New Jersey Legislature Introduces Bill to End One-Sided Employment Agreements

Jan 26, 2018

The bill appears to be a response to the #MeToo movement.

The #MeToo movement has exposed numerous instances of payments to individuals, primarily women, who have received cash settlements in return for keeping silent about the harassment they have endured while at work.

These agreements are an effort by the companies that employ these women to limit negative publicity. Apparently it is standard procedure at many companies to include provisions in employment contracts stipulating that all controversies between employees and their employers will be settled by binding arbitration and that the decisions rendered in the proceedings will remain confidential.

New employees are, for the most part, not in a position to negotiate the terms of their employment contracts. They seldom realize the consequences associated with arbitration clauses.

One of the main goals of the #MeToo movement is to enable women to publically denounce the actions of their persecutors. Public humiliation and the negative economic impacts of this humiliation are perceived as an essential weapon in the fight to reduce sexual harassment.

An article in Construction Law Now by Christopher M. Galusha outlines the steps the New Jersey State Assembly is taking to remedy the inequities of employment contracts that force individuals to remain silent about sexual harassment in return for a negotiated settlement.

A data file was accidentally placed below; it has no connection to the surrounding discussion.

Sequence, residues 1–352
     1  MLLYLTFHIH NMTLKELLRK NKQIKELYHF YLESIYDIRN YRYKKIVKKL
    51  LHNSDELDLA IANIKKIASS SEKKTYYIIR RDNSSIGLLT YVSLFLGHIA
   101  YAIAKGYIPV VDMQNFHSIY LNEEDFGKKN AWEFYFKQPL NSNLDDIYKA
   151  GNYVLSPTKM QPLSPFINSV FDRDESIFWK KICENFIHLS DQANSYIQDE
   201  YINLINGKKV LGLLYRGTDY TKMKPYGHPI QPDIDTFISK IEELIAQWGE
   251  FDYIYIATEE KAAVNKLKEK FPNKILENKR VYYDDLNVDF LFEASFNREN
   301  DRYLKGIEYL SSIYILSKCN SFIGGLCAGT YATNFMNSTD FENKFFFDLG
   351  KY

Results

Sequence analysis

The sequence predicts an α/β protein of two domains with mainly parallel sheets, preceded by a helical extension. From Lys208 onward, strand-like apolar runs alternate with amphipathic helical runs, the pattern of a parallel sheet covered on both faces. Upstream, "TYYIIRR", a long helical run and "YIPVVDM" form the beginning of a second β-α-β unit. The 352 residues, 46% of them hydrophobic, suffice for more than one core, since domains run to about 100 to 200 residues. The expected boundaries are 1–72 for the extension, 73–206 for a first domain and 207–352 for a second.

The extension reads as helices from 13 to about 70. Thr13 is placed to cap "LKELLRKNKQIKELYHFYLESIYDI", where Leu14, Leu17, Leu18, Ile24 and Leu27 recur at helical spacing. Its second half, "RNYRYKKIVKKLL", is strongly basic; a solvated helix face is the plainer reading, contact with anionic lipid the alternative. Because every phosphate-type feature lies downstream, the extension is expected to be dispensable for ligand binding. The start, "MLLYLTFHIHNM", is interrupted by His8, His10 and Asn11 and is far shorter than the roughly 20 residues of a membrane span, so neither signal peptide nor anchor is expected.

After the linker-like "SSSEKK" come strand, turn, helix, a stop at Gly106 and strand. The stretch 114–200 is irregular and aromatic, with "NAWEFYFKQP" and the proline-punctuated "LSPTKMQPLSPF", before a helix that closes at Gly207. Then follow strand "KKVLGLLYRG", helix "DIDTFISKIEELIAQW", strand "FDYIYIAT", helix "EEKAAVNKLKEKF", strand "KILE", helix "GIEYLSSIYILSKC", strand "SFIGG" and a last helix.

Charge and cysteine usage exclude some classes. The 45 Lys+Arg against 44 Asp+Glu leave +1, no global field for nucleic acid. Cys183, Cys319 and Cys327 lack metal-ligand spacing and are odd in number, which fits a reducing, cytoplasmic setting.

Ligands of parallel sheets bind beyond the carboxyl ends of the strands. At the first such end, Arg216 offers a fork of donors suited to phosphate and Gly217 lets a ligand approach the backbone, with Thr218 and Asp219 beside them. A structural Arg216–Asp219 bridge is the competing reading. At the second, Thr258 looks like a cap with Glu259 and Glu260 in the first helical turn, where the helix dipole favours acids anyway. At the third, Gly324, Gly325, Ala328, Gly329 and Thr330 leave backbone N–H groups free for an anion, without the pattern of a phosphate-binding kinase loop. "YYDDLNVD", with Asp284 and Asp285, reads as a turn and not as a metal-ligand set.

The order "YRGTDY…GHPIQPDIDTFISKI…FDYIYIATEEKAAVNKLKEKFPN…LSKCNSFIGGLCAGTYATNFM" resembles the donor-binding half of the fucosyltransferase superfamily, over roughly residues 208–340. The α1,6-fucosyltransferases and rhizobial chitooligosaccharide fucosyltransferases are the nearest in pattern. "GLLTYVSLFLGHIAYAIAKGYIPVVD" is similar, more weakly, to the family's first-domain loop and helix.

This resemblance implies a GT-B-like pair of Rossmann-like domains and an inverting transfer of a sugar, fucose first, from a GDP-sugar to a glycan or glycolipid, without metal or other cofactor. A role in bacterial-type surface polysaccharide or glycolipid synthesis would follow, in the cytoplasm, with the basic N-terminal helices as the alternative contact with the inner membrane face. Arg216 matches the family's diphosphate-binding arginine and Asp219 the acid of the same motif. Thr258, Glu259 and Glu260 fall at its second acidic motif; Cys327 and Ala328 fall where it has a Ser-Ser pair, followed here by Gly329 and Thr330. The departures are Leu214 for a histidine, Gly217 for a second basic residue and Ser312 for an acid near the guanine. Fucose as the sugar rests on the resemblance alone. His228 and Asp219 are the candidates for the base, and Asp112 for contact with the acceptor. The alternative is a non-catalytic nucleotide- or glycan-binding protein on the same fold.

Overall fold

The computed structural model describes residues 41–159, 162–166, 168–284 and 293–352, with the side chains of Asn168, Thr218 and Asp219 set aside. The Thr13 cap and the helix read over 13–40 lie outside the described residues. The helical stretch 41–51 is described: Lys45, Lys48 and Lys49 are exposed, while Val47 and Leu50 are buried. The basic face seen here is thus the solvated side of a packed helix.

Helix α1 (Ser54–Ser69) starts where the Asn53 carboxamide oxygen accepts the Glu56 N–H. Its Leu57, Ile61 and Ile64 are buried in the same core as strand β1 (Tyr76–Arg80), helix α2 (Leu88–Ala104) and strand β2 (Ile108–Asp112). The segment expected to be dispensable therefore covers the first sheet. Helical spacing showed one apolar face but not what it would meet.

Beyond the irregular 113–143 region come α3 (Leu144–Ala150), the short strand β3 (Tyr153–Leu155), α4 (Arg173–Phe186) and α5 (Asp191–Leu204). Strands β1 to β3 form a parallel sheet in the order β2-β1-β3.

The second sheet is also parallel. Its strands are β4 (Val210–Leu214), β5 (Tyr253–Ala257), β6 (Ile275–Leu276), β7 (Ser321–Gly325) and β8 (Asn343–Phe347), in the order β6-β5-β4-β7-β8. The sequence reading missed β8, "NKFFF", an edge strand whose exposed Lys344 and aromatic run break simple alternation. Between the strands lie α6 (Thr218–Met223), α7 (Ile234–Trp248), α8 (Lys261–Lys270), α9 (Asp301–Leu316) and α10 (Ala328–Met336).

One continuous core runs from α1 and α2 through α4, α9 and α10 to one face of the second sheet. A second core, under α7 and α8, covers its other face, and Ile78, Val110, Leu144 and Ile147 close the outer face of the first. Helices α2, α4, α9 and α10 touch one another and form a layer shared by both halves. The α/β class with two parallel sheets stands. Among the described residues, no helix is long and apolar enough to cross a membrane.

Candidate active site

“Last month a bill was introduced to the New Jersey State Assembly (A-5287) by Assemblymen John McKeon (Essex and Morris) and Jon Bramnick (Morris, Somerset and Union) that would bar provisions in employment contracts that waive any substantive or procedural rights or remedies. The bill also seeks to prohibit agreements that conceal any details relating to discrimination claims.”

The bill, if passed, could become the precursor for similar legislation throughout the country. It remains to be seen whether the present momentum the #MeToo movement has created in the long–term evolution toward equal rights for women is temporary or permanent. But if legislation similar to the bill now being considered in New Jersey materializes throughout the country, the days when people in positions of power can sexually harass their subordinates with impunity may be coming to an end.


A Response to the #MeToo Movement: NJ Bill Tightens Position on Employment Agreements, Christopher M. Galusha, Construction Law Now, Jan. 9, 2018.